Saturday, June 18, 2011

Day Jobs for Writers

I'm not Stephen King or J.K. Rowling.  Sadly, I haven't even published a book.  But another huge difference between myself and the two authors I mentioned is that they can support themselves off of their writing (Rowling's story is particularly transformative) while most writers cannot.

The hard truth is that most writers who publish and even make money off of their writing do it out of sheer love of the creative craft.  The anecdotal evidence is that they don't make enough money to support themselves.  Very very few rise to the status of the Kings and the Rowlings to make fortunes from writing.

Recently, I found a funny link on Lewis Lapham's Lapham Quarterly website about writers in the past and their day jobs.  The range of their salaries, adjusted to modern dollars, is from $1,828(!) to $50,000 per year.  Poor Charlotte Bronte.  But even more profound is how many of these jobs were uncreative clerical or government jobs.  Hardly the stuff of imagination, you would think.  Yet these individuals, working at their modest jobs, created The Waste Land and Jane Eyre.  Perhaps the tedium of work enhances the fantasies building within the worker's minds.  We've all experienced how performing a repetitive task can sometimes set your mind free to wander and come up with ideas.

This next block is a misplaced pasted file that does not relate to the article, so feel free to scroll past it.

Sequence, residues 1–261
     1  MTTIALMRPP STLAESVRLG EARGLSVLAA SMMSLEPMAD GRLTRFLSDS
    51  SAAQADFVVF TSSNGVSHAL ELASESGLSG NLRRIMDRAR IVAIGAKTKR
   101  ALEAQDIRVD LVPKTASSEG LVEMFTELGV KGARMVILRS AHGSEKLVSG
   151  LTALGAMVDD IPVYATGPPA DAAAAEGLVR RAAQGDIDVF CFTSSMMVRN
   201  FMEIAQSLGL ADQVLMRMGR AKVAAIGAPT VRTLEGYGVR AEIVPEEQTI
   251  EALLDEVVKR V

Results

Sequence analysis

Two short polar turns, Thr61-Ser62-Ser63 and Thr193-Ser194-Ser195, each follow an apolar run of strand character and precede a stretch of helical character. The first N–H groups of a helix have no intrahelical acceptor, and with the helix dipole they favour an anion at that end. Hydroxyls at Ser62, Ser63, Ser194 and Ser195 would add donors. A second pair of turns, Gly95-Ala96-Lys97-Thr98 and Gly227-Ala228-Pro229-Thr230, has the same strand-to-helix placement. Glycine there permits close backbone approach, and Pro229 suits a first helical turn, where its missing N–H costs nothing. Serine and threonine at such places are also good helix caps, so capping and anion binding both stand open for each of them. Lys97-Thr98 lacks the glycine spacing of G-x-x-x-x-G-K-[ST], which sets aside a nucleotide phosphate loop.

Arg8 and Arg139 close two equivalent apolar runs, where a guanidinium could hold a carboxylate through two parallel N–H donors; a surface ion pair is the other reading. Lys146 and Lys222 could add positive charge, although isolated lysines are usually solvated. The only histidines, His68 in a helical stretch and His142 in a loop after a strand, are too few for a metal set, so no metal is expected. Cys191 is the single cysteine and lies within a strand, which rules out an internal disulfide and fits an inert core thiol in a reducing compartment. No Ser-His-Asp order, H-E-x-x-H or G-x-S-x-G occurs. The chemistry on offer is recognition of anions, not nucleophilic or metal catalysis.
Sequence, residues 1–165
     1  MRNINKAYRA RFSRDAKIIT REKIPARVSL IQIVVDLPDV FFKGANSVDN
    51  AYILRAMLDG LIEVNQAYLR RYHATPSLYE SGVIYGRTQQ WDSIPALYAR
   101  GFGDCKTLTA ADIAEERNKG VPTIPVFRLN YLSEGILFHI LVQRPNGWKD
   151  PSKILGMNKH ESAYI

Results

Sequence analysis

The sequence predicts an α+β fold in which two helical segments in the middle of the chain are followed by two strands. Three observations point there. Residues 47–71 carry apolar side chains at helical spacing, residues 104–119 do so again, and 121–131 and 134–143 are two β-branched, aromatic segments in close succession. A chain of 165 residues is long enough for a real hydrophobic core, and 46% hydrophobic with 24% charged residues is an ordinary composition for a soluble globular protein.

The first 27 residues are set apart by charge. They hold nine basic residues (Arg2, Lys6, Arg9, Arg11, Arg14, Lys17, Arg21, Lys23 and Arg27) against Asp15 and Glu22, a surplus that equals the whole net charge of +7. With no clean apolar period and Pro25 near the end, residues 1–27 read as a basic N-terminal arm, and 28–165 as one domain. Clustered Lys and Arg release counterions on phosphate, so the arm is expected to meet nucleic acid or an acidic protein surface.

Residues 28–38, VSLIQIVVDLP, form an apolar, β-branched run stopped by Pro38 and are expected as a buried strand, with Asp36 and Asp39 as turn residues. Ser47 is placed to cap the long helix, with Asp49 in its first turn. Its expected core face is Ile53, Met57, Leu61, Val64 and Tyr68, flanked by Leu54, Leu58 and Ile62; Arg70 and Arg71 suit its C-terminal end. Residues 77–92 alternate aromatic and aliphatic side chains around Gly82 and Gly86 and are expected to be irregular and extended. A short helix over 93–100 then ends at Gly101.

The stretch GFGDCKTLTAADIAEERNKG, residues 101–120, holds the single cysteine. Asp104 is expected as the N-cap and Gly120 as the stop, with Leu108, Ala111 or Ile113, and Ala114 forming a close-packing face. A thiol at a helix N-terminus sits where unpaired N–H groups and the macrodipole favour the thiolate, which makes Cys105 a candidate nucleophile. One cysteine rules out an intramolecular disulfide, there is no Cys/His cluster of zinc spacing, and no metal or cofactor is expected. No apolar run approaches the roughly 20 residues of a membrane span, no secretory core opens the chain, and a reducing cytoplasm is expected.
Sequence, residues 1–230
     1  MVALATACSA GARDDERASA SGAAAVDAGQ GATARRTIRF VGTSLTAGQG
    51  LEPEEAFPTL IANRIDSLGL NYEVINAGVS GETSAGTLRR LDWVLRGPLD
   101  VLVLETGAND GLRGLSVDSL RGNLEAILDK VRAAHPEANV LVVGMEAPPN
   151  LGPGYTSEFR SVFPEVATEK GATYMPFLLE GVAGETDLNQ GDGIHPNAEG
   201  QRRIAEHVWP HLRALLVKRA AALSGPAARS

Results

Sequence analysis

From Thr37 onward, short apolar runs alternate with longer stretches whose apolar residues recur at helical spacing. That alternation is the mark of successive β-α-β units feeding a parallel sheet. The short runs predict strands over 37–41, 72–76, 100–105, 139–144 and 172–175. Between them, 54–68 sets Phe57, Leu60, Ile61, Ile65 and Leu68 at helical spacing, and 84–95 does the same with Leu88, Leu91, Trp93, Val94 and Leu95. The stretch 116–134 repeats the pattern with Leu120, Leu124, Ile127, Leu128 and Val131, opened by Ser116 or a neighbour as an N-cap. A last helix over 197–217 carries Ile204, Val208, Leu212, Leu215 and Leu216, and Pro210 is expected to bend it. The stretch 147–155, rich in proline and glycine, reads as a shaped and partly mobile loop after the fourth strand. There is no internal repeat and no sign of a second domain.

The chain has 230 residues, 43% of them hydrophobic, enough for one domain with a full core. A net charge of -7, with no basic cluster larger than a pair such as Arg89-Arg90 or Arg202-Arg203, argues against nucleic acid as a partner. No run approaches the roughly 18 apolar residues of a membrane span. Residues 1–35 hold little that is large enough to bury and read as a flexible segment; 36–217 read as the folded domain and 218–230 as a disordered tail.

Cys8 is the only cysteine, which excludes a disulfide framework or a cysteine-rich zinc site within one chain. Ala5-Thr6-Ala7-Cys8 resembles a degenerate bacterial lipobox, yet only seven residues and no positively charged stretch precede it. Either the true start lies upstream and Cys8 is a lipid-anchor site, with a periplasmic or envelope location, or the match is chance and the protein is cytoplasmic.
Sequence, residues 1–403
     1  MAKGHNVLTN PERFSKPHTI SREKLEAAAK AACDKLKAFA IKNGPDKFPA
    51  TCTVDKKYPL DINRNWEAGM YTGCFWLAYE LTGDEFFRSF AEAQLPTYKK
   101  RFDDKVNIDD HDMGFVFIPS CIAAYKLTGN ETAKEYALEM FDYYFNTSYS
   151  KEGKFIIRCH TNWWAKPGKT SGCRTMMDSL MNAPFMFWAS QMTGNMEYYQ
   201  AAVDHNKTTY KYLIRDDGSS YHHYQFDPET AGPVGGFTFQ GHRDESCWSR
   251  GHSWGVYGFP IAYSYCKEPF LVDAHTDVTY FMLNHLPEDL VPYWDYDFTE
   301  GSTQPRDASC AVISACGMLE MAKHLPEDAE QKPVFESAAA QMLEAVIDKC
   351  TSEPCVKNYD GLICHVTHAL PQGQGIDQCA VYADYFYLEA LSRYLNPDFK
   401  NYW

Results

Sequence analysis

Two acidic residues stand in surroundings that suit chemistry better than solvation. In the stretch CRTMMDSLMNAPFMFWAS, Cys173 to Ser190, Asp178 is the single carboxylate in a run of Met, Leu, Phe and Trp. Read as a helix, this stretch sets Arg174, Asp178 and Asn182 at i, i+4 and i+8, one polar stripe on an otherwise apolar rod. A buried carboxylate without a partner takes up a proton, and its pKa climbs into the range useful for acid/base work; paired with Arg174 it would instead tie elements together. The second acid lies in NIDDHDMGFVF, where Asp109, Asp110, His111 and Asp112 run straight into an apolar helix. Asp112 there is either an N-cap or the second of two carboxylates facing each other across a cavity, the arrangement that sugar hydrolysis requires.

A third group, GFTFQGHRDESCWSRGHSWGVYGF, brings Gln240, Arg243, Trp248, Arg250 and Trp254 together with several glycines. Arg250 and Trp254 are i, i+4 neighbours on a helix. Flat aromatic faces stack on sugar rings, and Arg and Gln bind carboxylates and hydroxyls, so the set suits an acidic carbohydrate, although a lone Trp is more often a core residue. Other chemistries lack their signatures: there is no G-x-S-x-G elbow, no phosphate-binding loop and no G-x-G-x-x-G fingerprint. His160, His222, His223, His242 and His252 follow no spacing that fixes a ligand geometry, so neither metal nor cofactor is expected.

But, in the end, they probably didn't show up at their jobs every day because they wanted a chance to ponder over plots while filing papers.  They did it because they liked to eat.  And stay out of the rain.  And sleep in a warm bed.  All necessary parts of life.  But, to a writer, so too is writing.

So how do we balance the two?

I previously posted a series on how to balance your writing and your day job.  These tips can help you to make most of your time both during breaks at work, during your commute, and at home.  True, work gets in the way of writing but it shouldn't put an end to it.  Perish the thought.

And when you get down about juggling the two: remember that some of the greatest poets and authors in history have held down day jobs and still managed to create everlasting masterpieces.  So, look out, Stephen King!

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